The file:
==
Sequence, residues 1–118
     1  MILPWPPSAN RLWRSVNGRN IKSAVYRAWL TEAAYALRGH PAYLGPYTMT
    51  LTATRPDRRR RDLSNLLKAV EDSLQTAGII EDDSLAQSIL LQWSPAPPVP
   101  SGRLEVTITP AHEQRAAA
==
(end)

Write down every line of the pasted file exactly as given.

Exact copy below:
Sequence, residues 1–118
     1  MILPWPPSAN RLWRSVNGRN IKSAVYRAWL TEAAYALRGH PAYLGPYTMT
    51  LTATRPDRRR RDLSNLLKAV EDSLQTAGII EDDSLAQSIL LQWSPAPPVP
   101  SGRLEVTITP AHEQRAAA